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Within the phenomenon of globalization, the idea of integrating the so-called “non-state actors” into economies has been increasingly taking root, an element that undoubtedly has a significant impact on contemporary international relations. And it is clear that in recent years it has become evident that many of these figures act in such a decisive way in the international and internal life of States -both socially and economically- that on many occasions, it is the States themselves who set their public policies based on the actions of these non-governmental entities.
Their form of organization allows them to easily adapt within the international sphere as a dynamic element of the world economy, and they can be an important vehicle for foreign direct investment (FDI), a fact that not only arouses interest not only in developed countries but also in developing countries because, among other things, they generate benefits for them. However, the other facet is that they are constantly being discussed by those who are not entirely in favor of the globalization process, and even by many of those who are, who fear the effects that the inclusion of these companies in local markets and in competition may generate, as well as the controversial issue of liability in relation to the parent company and branches in the host countries and, above all, the effects that their actions generate on the environment and working conditions.
At present, the position of MNEs in the international market is not disputed, and different transnational movements have been developing, which recognize their adaptation to globalization and classify them as an important characteristic of this process. Their importance lies in the fact that they have been an element of great relevance in the expansion of international trade, given that they have added an ‘ease’ component to the exchange of products, thus generating great benefits for the global market, which today is a market for the transfer of labor, products and credits from one country to another, within a framework of manufacturing strategies designed by these companies, which minimize production costs and maximize production capacity.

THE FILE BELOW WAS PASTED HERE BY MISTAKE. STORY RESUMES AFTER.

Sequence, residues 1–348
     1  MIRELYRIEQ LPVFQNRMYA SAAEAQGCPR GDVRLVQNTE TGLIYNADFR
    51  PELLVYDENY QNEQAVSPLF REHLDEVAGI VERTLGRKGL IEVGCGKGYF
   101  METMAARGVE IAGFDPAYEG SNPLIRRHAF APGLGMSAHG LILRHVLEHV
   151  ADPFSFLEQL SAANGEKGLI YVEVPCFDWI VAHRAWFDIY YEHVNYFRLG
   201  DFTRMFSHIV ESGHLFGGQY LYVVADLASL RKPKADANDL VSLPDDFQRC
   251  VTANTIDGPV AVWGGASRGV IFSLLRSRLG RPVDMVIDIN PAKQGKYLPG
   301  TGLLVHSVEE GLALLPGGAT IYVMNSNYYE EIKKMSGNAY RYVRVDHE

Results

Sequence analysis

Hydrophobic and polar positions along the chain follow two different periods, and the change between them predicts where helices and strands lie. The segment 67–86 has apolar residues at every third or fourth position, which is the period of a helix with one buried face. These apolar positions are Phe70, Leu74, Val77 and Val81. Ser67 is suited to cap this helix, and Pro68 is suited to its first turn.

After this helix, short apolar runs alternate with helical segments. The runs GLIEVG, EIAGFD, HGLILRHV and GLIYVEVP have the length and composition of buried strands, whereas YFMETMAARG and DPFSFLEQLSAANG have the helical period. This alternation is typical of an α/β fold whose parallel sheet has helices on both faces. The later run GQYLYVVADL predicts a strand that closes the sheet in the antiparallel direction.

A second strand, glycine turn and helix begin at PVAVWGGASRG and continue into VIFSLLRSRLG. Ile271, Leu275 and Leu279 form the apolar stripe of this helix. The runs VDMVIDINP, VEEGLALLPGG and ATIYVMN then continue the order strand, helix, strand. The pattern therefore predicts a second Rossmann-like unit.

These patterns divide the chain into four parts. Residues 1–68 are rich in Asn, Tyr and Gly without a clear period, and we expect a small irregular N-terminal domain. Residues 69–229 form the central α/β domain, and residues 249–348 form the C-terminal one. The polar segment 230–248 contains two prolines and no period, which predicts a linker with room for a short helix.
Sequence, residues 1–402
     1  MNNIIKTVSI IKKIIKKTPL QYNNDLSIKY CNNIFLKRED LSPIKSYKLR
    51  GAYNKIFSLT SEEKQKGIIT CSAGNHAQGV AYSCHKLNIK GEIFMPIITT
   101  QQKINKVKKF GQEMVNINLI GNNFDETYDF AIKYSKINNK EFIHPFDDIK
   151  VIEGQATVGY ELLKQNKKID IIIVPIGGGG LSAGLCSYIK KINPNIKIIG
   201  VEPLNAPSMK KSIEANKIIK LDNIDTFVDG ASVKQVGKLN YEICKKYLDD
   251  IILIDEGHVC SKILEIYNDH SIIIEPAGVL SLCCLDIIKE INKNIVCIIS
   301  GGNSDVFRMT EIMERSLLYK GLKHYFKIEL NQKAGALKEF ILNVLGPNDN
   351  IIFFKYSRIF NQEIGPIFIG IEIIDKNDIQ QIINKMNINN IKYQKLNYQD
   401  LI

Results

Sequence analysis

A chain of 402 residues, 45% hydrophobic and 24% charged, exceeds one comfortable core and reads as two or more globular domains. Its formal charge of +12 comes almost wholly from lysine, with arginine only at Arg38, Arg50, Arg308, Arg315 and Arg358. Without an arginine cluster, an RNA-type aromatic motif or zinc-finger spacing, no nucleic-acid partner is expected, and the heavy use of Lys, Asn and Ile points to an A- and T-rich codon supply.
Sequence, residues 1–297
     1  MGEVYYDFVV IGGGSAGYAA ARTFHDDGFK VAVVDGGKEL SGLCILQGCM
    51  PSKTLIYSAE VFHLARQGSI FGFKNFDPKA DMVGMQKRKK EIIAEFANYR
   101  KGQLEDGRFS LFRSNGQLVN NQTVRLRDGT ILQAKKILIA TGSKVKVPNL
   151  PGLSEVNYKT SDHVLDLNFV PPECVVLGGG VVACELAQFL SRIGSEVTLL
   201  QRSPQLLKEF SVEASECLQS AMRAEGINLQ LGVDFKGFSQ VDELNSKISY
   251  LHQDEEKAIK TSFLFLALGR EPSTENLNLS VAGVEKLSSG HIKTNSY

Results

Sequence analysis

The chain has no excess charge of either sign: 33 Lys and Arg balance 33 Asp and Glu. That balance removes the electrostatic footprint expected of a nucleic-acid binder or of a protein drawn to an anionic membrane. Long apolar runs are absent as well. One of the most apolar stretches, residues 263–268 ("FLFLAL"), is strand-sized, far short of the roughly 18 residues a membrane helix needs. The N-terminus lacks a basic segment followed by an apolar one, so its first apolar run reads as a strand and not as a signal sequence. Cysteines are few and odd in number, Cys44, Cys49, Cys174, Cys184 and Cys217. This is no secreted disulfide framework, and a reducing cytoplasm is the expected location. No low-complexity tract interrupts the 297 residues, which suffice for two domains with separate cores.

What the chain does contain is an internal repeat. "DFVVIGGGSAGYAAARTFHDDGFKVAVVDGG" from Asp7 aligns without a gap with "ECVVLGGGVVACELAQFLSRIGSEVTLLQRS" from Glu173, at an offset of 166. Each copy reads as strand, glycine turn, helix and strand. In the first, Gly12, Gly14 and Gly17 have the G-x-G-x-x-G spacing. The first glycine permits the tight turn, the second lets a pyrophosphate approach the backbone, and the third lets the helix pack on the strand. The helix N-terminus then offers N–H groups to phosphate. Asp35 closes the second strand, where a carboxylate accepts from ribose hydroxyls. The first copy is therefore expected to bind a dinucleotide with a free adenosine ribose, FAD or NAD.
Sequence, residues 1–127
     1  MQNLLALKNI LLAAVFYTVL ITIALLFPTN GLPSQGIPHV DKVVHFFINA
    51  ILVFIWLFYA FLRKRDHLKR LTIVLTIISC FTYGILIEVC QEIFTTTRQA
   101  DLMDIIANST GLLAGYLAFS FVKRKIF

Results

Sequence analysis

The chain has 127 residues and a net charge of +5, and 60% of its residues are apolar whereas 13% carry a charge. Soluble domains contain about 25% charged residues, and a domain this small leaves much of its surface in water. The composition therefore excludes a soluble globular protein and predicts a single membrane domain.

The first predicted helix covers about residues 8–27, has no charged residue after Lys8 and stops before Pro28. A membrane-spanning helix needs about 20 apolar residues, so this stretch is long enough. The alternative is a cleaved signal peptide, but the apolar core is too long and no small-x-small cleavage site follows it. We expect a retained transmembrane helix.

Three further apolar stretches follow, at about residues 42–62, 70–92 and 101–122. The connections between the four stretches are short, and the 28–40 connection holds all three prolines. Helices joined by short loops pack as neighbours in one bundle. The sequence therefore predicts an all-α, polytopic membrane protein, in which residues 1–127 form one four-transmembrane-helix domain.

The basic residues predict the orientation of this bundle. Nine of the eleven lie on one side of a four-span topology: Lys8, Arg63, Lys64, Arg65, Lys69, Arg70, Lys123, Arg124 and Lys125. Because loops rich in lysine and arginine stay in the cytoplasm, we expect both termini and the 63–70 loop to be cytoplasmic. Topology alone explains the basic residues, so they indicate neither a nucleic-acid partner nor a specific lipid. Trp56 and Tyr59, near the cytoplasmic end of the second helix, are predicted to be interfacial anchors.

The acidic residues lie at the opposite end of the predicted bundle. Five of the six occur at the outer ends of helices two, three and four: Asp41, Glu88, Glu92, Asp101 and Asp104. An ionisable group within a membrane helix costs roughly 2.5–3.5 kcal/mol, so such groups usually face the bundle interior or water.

Before the process of globalization as it is known today, and above all, the phase in which international trade began to develop as an almost necessary element for economic development, a large part of the actions of these companies was based on the creation of projects that implied making investments in their native countries, exporting their own manufactured goods and services; at the same time, they imported raw materials, which helped the country of origin in an important way. Today, they establish industries in other countries with the motivation of finding economic profitability, a fact that at the same time increases competitiveness among the countries receiving the investments. As a result, new opportunities are created, since they not only foster external and internal competition, but also serve as a bridge for the creation of new links between other companies and societies, thus generating greater job opportunities for those who benefit from their industry, and also a wider catalog of goods and services for consumers who constantly demand new products.